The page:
And Patrick Conway, M.D. Principal Deputy Administrator and Chief Medical Officer in the Centers for Medicare & Medicaid Services (CMS), was quoted in the announcement as saying, “Patients want the peace of mind of knowing they will receive high-quality, coordinated care from the minute they’re admitted to the hospital through their recovery. The variation in cost and quality for the same surgery at different hospitals,” he added, “shows there are major opportunities for hospitals included in today’s models to reduce costs, improve care, and receive additional payments by improving patient outcomes.”

This cardiac care bundled-payment mandate was really no surprise; indeed, its coming had long been rumored. Nonetheless, it could prove to be a “shock to the system” for both physicians and hospital leaders once it becomes fully implemented—and, as with the joint replacement bundled-payment mandate (which was also slightly expanded upon in this proposed rule), it will almost certainly be expanded geographically beyond the initial 98 MSAs—perhaps to all or nearly all Medicare program MSAs.

Why is it so important? Crucially, because cardiac care and total joint replacements had until recently been revenue lifesavers for hospitals under Medicare. Even as participation in Medicare’s value-based purchasing program, its avoidable readmissions reduction program, and its healthcare-acquired conditions reduction program, had all been mandated under the terms of the Affordable Care Act (ACA) going back to 2010, cardiac care and joint replacement procedures had been areas of relative “cushion” for hospitals, helping many hospitals that might otherwise be in real financial trouble already, to stay afloat.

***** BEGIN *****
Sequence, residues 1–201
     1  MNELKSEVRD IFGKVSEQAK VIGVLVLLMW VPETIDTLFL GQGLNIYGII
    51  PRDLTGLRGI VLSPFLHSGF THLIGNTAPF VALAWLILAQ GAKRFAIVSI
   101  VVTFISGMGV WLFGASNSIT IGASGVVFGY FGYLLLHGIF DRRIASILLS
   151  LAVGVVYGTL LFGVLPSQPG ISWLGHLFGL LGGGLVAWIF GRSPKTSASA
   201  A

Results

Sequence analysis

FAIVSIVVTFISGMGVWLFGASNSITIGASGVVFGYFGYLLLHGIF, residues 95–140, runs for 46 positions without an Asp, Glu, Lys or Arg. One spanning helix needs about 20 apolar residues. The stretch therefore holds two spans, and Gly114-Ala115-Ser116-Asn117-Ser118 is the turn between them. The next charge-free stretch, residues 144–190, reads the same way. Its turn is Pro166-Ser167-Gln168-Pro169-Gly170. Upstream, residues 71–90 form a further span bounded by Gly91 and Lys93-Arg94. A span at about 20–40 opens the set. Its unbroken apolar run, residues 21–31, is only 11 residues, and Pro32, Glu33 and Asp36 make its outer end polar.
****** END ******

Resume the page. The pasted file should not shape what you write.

It was very helpful to speak about this subject this week with Clay Richards, the president and CEO of the Nashville-based NaviHealth. NaviHealth is a post-acute care transitions management company, and is owned by the Dublin, Oh.-based Cardinal Health. “This is pretty indicative of CMS’s continued approach to and belief in, bundling as a pretty significant mechanism to help them achieve their value-based payment goals,” Richards told me. He added, “Remember, in addition to these mandatory bundles, CMS also announced this week that they’re going to open up a voluntary bundle program again in 2018. When you add this to the April 1 mandate implementing the hip and knee replacement bundle, it’s pretty clear this is how CMS will implement payment reform.”

With regard to the Bundled Payments for Care Improvement (BPCI) Initiative, which began to go live in October 2013 and is testing four different models for payment under Medicare, and has been well-described in such publications as Health Affairs, Richards says that “I think you’ll see more conditions added, as well as a combination of mandatory and voluntary bundles coexisting for a significant  period of time. I think from a policy perspective, CMS likes the ability to offer both” mandatory bundles and voluntary ones. “For hips and knees and cardiac, the hospital is the mandated convener. In the voluntary bundles, you can have hospitals, doctors, or third-party conveners managing the risk,” he notes.